Understanding California Probate Claims
Every state has its own probate division. In California, probate proceedings typically take place in the Probate Department of the Superior Court in the county where the deceased person lived at the time of their death.
Probate proceedings are managed by the probate court, with a judge or panel of judges assigned to oversee each case. However, the court does not actively execute estates. Instead, the Probate Division is tasked with ensuring that the deceased person’s creditors are paid, and any remaining assets are distributed to the right beneficiaries. When disagreements arise, the probate court has the authority to adjudicate disagreements.
The Role of an Executor in CA Probate
In general, the most intensive aspect of probate is the execution of the estate. If the deceased person—or decedent—named an executor in their will, the executor will be responsible for:
- Initiating probate in the correct county
- Sending notices of probate to the estate’s creditors and beneficiaries
- Marshalling and inventorying the decedent’s assets, which could include bank accounts and real properties, furniture, and coin collections
- Managing the estate’s assets
- Paying the estate’s creditors
- Defending the estate from any frivolous claims
- Disbursing inheritances to heirs
Estate executors also have other responsibilities, many of which are time-sensitive. Since executors can be penalized for inadvertently mismanaging an estate, they may elect to ask an experienced California probate attorney for assistance.
Cases the CA Probate Court Hears
When most people think of probate courts, they imagine will proceedings, estate contests, and trust challenges. While the Golden State’s Probate Division does have jurisdiction over most estate-related disputes, it also hears the following types of cases:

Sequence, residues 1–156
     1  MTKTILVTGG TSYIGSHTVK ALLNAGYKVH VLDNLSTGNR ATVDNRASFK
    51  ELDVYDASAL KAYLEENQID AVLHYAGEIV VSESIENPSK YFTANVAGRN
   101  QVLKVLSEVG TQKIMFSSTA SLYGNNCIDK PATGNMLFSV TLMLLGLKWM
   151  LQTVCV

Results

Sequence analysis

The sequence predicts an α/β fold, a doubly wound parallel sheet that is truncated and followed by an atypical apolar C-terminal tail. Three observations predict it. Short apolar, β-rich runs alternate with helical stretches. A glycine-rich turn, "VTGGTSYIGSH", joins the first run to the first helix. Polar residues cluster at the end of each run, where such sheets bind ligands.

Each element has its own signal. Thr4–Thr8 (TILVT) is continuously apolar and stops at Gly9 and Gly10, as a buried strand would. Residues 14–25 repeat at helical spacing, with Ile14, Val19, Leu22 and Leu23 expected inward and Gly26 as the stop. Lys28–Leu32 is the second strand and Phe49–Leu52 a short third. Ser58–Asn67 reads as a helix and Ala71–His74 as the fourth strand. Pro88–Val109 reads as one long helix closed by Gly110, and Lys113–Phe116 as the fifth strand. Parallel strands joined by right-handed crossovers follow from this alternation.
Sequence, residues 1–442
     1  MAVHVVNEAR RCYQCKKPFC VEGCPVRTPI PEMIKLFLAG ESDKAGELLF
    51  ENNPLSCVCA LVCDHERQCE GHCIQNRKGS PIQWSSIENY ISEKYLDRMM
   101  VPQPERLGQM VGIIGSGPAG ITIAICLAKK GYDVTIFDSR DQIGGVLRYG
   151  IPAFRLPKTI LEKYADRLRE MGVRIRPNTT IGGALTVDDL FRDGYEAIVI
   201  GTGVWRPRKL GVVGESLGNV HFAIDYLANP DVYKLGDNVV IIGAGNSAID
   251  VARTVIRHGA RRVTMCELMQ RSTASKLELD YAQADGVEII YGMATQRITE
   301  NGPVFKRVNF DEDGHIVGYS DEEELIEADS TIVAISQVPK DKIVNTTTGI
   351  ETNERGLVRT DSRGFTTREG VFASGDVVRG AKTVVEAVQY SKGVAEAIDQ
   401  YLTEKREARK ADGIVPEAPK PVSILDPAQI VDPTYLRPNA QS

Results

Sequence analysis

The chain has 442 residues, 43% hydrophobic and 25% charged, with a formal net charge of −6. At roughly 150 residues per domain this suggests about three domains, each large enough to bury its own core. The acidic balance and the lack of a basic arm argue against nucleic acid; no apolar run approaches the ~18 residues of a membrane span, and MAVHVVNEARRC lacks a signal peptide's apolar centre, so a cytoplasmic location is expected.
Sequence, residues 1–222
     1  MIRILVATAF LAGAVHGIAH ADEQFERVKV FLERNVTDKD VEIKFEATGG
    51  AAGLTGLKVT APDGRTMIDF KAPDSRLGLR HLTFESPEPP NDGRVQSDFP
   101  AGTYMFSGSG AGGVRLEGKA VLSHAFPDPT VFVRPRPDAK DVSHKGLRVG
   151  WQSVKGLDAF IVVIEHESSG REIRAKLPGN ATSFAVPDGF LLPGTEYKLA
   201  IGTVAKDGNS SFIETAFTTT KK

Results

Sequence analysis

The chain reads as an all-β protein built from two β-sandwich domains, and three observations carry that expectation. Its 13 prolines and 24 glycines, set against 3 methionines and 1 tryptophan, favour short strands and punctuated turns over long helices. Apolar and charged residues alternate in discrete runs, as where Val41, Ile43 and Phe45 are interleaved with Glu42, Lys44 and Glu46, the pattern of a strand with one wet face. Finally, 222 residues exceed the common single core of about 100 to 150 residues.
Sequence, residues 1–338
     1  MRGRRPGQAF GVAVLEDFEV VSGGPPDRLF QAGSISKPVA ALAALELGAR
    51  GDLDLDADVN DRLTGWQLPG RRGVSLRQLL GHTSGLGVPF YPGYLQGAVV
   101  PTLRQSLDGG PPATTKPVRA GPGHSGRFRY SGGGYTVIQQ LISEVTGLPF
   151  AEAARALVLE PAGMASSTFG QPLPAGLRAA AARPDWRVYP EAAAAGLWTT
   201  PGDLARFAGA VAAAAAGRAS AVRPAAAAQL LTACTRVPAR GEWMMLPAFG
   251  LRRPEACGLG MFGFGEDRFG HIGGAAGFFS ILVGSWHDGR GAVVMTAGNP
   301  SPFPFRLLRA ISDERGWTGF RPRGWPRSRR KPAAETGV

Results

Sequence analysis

The most common task of the probate court is overseeing the dissolution of estates. When a California resident passes away—with or without a will—their remaining assets, or their estate, must be redistributed in accordance with state law. Ordinarily, this means disbursing inheritances to the heirs named in the deceased person’s last will and testament. However, if the decedent did not write a will, establish a trust, or create an estate plan, the court may consider the deceased person’s next-of-kin as their presumptive heirs.
Under most circumstances, any asset transferred to the control of a living trust or testamentary trust is not subject to probate. However, the probate courts do adjudicate trust challenges, which could relate to the terms of a trust, the trust’s administration, or another trust-related dispute.
In a conservatorship case, the court may appoint an individual—the conservator—to oversee the finances and care of an older adult or an incapacitated adult. Conservators are considered fiduciaries and have a legal obligation to act in the best interests of their ward.
The court may appoint or authorize the appointment of a guardian for a minor child if the child’s parents have passed away or are no longer able to care for them.
While the Probate Division has authority over a decedent’s California assets, executors and other estate representatives may have to file probate petitions in other states if the decedent owned assets in another jurisdiction.
Do You Need Legal Help Regarding Probate Issues in California?
If a loved one died without a will and you need legal assistance regarding the probate process, you should be speak with an experienced probate attorney as soon as possible. Contact us online, or call our office directly at 800-756-5596 to claim your space at one of our free, informative seminars. Your attendance will qualify you for a discount for our probate services. We proudly serve clients throughout California with offices in Torrance, Newport Beach, Orange, Woodland Hills and Pasadena.